Open Access
Issue
BioMedicine
Volume 8, Number 1, March 2018
Article Number 2
Number of page(s) 6
DOI https://doi.org/10.1051/bmdcn/2018080102
Published online 26 February 2018

© Author(s) 2018. This article is published with open access by China Medical University

Licence Creative Commons
Open Access This article is distributed under terms of the Creative Commons Attribution License which permits any use, distribution, and reproduction in any medium, provided original author(s) and source are credited.

1. Introduction

Pseudomonas aeruginosa is a common environmental, Gramnegative, ubiquitous bacterium that causes a variety of infections in immunocompromised, hospitalized patients [1, 2]. This organism trends to increase resistance towards many antimicrobial agents and a high percentage of the P. aeruginosa clinical isolates show the multidrug resistance (MDR) phenotype [3, 4]. The most effective anti-pseudomonal agents are beta-lactams, aminoglycosides and fluoroquinolones [5, 6]. Mechanisms of resistance to antimicrobial agents include production of beta-lactamases, multidrug efflux pumps, presence of integrons and downregulation of outer membrane porins [5-7]. Many of the antibiotic resistance genes found on plasmids and transposons that are located at a unique site named integron [8, 9]. These elements mediate the integration of genes through the action of a DNA integrase (intI) and a specific recombination site (attI) that acts as a receptor of gene cassettes [10]. Approximately, There are 90 distinct integron Classes that most of them located on chromosomes, and about 10% of the sequenced bacterial genomes carry these elements [11]. The first of integrons that have been described are Classes 1, 2, and 3 that exhibit a number of features not typical of the more numerically dominant chromosomal integron Classes. In total, they are carried on transposons and/or plasmids and most commonly contain up to 6 cassettes drawn from a pool of about 100 cassettes and almost all of which encode antibiotic resistance determinants [12, 13]. Class 1, 2 and 3 are three main well characterized integrons [14, 15]. The Classe 1 integrons are the most common integrons that found in P. aeruginosa, Acinetobacter baumannii and in members of Enterobacteriaceae family [16, 17]. Prevalence of Class 2 and 3 integrons among these pathogens is not widely reported [18, 19]. The aim of this study is the analysis of Class 1, 2 and 3 integrons prevalence of and their association with drug resistance in clinical isolates of P. aeruginosa.

2. Materials and Methods

2.1. Bacterial isolates and clinical data

We collected 200 non-duplicated P. aeruginosa clinical isolates from inpatient and outpatients in three teaching and treatment hospitals of Tabriz, Iran from 2015 to 2016 (September to April). The isolates were obtained from blood, sputum, urine, respiratory tract, wound, and cerebral spinal fluid (CSF). The bacteria were identified by routine microbiological tests such as Gram stain, inability to fermentation of lactose, oxidation and fermentation test (O/F), oxidase test, growth on Cetrimide agar medium (Liofilchem, Italy), pigmentation test [20].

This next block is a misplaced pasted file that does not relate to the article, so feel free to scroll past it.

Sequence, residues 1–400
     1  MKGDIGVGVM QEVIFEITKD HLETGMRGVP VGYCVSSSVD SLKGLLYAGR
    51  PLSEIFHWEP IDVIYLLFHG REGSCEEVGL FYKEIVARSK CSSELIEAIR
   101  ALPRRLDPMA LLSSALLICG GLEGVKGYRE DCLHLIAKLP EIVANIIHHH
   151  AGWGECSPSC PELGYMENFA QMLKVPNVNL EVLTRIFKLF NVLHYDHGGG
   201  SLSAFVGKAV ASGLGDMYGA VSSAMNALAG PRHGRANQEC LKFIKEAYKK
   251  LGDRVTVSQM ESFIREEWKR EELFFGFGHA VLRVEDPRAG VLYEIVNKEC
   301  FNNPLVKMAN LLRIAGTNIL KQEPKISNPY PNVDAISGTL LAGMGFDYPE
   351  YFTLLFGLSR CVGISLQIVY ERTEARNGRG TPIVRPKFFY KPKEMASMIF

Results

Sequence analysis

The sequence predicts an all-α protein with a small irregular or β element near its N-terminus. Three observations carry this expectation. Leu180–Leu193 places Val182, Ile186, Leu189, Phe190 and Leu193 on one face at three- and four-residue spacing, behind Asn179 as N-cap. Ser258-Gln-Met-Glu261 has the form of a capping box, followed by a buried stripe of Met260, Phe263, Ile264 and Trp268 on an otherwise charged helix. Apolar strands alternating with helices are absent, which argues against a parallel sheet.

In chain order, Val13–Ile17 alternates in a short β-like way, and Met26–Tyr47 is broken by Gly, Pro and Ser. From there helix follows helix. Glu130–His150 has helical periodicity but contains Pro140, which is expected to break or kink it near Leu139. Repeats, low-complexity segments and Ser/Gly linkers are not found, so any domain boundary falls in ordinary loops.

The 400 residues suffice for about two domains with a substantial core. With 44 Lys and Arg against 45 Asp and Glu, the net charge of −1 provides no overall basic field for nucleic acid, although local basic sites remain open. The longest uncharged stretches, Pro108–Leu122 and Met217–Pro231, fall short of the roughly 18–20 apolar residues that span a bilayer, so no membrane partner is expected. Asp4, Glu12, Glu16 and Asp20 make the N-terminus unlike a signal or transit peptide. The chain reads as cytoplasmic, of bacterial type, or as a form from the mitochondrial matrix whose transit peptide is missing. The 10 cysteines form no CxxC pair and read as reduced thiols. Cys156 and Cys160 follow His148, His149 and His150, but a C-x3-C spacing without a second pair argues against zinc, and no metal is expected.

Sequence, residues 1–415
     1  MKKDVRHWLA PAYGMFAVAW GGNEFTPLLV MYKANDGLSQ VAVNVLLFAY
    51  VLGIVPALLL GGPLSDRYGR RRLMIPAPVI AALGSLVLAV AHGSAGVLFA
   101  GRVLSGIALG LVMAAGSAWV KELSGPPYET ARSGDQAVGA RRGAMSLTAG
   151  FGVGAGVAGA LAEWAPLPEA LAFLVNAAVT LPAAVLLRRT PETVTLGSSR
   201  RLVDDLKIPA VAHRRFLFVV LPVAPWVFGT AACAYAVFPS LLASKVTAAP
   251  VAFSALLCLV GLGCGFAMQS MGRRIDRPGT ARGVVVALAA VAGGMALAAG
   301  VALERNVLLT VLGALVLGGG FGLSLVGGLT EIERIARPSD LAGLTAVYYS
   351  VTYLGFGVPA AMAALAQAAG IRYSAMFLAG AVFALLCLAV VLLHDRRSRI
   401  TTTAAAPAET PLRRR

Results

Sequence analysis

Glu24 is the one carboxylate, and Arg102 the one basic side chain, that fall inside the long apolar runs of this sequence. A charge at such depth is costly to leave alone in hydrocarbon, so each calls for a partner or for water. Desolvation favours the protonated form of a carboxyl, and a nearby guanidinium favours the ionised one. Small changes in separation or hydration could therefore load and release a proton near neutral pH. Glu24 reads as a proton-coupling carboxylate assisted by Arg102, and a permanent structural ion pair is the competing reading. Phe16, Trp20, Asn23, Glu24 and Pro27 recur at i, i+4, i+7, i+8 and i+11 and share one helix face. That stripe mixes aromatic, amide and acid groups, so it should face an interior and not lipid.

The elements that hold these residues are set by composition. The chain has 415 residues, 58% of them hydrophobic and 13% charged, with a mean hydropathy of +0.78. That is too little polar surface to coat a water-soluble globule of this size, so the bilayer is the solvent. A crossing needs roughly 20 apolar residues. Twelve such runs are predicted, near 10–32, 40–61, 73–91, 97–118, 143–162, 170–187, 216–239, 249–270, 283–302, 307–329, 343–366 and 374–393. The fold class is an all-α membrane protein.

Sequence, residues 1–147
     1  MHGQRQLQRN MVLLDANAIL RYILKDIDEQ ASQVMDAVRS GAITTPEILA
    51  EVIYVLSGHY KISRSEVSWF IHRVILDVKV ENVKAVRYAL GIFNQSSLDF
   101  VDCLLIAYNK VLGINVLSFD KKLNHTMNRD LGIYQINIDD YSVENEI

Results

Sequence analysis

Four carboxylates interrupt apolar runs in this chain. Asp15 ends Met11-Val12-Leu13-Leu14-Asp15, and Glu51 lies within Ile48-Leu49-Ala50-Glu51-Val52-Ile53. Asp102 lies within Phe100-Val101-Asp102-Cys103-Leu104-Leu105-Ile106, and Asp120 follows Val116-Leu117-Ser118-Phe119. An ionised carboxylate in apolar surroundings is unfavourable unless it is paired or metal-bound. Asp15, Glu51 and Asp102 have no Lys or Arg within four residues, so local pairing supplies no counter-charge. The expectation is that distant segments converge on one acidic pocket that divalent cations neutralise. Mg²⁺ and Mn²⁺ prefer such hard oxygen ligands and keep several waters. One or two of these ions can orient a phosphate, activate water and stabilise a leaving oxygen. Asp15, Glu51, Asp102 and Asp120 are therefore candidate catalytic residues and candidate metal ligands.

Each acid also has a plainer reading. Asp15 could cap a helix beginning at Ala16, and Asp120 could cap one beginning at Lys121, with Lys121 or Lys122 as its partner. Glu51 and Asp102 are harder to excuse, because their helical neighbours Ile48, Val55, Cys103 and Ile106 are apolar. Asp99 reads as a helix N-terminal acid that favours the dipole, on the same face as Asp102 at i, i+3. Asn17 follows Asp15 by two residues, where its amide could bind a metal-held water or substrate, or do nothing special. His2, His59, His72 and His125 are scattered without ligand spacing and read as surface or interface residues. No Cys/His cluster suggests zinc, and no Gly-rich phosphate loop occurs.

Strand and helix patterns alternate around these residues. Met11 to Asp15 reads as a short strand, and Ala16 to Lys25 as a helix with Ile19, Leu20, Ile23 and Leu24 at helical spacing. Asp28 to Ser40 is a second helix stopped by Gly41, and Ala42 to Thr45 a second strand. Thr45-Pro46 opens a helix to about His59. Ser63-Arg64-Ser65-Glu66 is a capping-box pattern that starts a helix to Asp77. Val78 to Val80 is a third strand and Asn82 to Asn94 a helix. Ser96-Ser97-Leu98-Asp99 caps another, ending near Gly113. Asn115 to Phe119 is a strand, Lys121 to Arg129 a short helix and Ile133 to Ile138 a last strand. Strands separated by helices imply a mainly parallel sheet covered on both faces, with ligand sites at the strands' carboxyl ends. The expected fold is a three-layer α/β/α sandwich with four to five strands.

2.2. Antimicrobial susceptibility testing

The antibiotic susceptibility test was done by Kirby-Bauer disk diffusion method according to the Clinical and Laboratory Standards Institute (CLSI) guidelines. The antibiotic disks (MAST, England) included amoxicillin-clavulanate (20/10 μg), imipenem (10 μg), colistin (10 μg), amikacin (30 μg), cefepime (30 μg), cefotaxime (30 μg), ceftazidime (30 μg), tobramycin (30 μg), gentamicin (30 μg), ciprofloxacin (5 μg), Polymyxin B (300 units), gatifloxacin (5 μg) and piperacillin (100 μg) [21, 22]. MDR was definite as acquired resistant to at least one agent in three or more antimicrobial Classification [23]. P. aeruginosa ATCC 27853 was used as quality control strain [21].

2.3. DNA extraction and detection of int genes

Genomic DNA was extracted by the tissue buffer boiling method. Precisely, similar colonies of the bacterial isolates were mixed with 20 μ1 of tissue buffer (0.25% SDS + 0.05 M NaOH) and the mixture was incubated for 15 minutes in 95°C [24]. The mixture was centrifuged for 1 minute in 13,000 g. After centrifugation, 180 ìl of Milli-Q water was added to the aqueous solution. The extracted DNA was frozen in -20°C until usage [25].

The int genes were amplified by the polymerase chain reaction (PCR) method. Each PCR reaction was done by CINNAGEN master mix (SinaClon, Tehran, Iran) and specific primers which are shown in Table 1. The amplification was carried out in a DNA thermal cycler (Eppendorf master cycler gradient, Germany) as follows: initial denaturation at 94°C for 10 min, followed by 30 to 40 repeated cycles of denaturation at 94°C for 40 s, 50 s for annealing at 57°C for intI-1, intI-2 and 59°C for intI-3, and 55 s for extension at 72°C, followed by 10 min at 72°C for final extension. The amplified products were analyzed by electrophoresis on 1% agarose gel and staining by the ethidium bromide [26].